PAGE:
As we age, there’s a greater risk we may outlive our spouse.

Life expectancy for both men and women has increased over the years. But, there are uncontrollable events and hereditary health issues that may cause your spouse to die before you.

When a spouse dies, no one can fully understand your grief – mainly because everyone has a unique relationship with their spouse.

Some of the things you are experiencing other survivors may understand. But your grieving process is unique to you and your relationship.

It can be a long and unpredictable process requiring you to be patient with yourself.

There are necessary actions to take now. But it’s okay to delay many major financial decisions. Read “What to Do When Your Spouse Dies” for this information.

Before making significant changes that will impact your finances, hire a Certified Financial Planner™ professional to develop a comprehensive financial plan.

A comprehensive financial plan will include more than investments. It will examine your assets, liabilities, tax situation, income, expenses, insurance, and estate plan.

When assessing expenses, it should include health care costs now and anticipated as you age. It should also address long-term care, which Medicare does not cover.

It’ll help you answer questions such as:

Can I afford to stay in my current home, or should I downsize?

Do I need to liquidate any assets to pay off liabilities?

Do I have sufficient insurance coverage to protect my assets?

Will I need to return to work? If yes, how will it impact my Social Security benefits?

Will I outlive my money?

What legal documents do I need since I no longer have a spouse to handle financial and healthcare decisions?

Over the years, I’ve experienced widows relying on family members to make these decisions.

Unfortunately, many family members do not have the experience to understand fully the implications of some financial decisions.

While their intentions may be good, they are limited by their experience with these matters.

For example, a widow was encouraged by her son to file early for Social Security benefits after her spouse passed away unexpectedly.

Unfortunately, taking Social Security benefits before her full retirement age reduced the amount of money she would receive for the rest of her life.

Another widow was pressured by her stepchildren to sell the vacation home and downsize.

When she retained my services, we looked at her entire financial situation and determined it wasn’t necessary to make these changes immediately.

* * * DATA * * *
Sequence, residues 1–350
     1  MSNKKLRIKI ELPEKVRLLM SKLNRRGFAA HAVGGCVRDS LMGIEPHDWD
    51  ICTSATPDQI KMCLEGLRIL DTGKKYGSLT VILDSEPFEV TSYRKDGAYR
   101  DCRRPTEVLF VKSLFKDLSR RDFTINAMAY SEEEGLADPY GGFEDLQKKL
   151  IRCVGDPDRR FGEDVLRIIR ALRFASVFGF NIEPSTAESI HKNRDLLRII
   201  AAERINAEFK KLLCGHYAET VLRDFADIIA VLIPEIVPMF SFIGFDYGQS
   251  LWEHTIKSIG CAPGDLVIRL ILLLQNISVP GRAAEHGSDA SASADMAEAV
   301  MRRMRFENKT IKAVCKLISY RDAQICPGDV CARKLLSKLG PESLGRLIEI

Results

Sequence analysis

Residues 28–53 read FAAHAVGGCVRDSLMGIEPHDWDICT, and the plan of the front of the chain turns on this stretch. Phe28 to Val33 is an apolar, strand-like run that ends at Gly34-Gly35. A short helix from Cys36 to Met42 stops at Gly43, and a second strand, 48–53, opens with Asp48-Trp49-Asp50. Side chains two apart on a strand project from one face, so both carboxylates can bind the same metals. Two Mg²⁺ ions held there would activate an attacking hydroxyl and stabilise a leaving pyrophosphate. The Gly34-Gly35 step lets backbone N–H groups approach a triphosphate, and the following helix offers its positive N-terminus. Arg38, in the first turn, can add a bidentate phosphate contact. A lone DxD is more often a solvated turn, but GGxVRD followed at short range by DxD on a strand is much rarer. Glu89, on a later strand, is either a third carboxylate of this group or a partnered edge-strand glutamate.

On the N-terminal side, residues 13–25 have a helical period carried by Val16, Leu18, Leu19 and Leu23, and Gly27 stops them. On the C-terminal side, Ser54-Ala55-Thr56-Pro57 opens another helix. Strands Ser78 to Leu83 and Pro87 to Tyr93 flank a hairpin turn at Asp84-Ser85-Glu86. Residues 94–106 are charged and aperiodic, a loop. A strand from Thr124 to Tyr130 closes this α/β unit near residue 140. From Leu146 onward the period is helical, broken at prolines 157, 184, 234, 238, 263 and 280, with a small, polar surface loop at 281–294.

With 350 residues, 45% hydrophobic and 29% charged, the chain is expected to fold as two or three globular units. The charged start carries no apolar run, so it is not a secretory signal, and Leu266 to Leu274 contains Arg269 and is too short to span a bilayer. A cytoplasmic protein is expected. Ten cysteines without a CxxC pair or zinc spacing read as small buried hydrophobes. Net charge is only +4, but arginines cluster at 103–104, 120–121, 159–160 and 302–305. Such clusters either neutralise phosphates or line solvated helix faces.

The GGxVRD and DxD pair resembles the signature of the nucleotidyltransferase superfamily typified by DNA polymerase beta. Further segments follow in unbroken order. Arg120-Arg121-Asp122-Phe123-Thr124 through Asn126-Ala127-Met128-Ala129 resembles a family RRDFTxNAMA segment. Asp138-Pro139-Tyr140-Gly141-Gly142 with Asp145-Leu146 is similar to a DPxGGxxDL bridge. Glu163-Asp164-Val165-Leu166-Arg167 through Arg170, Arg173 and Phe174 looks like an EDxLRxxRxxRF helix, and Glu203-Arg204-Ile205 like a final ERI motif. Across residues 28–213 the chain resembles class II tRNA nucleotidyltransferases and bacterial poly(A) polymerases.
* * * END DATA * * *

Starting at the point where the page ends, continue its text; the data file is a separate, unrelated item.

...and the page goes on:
She had three years before she needed to sell the vacation home or put it on a rental program. This timeframe gave her room to breathe and adjust to life without her spouse.

Your current financial advisor may offer a comprehensive financial plan for minimal or no cost (depending on how much money they manage for you).

However, if you want another opinion, hire a CFP® who develops comprehensive financial plans for a flat fee.

Life after a spouse dies can be overwhelming when dealing with major changes, especially financial matters.

Hire a CFP® professional to help you look at the big picture and develop a plan for your new life.

While we don’t have a crystal ball to see what the future brings, we can take action to plan for financial security.

(Update to original post from March 13, 2018)


Niv Persaud, CFP®, CDFA®, RICP®, is a Managing Director at Transition Planning & Guidance, LLC. Life is more than money. It’s about living the lifestyle you want and can afford. For that reason, Niv consults with clients on money, life, and work. Her approach capitalizes on techniques she learned throughout her career, including as a management consultant, executive recruiter, and financial advisor. Her services include developing  comprehensive financial plans, divorce financial reviews, and retirement plans. Niv actively gives back to her community through her volunteer efforts. She believes in living life to the fullest by cherishing friendships, enjoying the beauty of nature and laughing often — even at herself. Her favorite quote is by Erma Bombeck, “When I stand before God at the end of my life, I would hope that I would not have a single bit of talent left and could say ‘I used everything you gave me.’”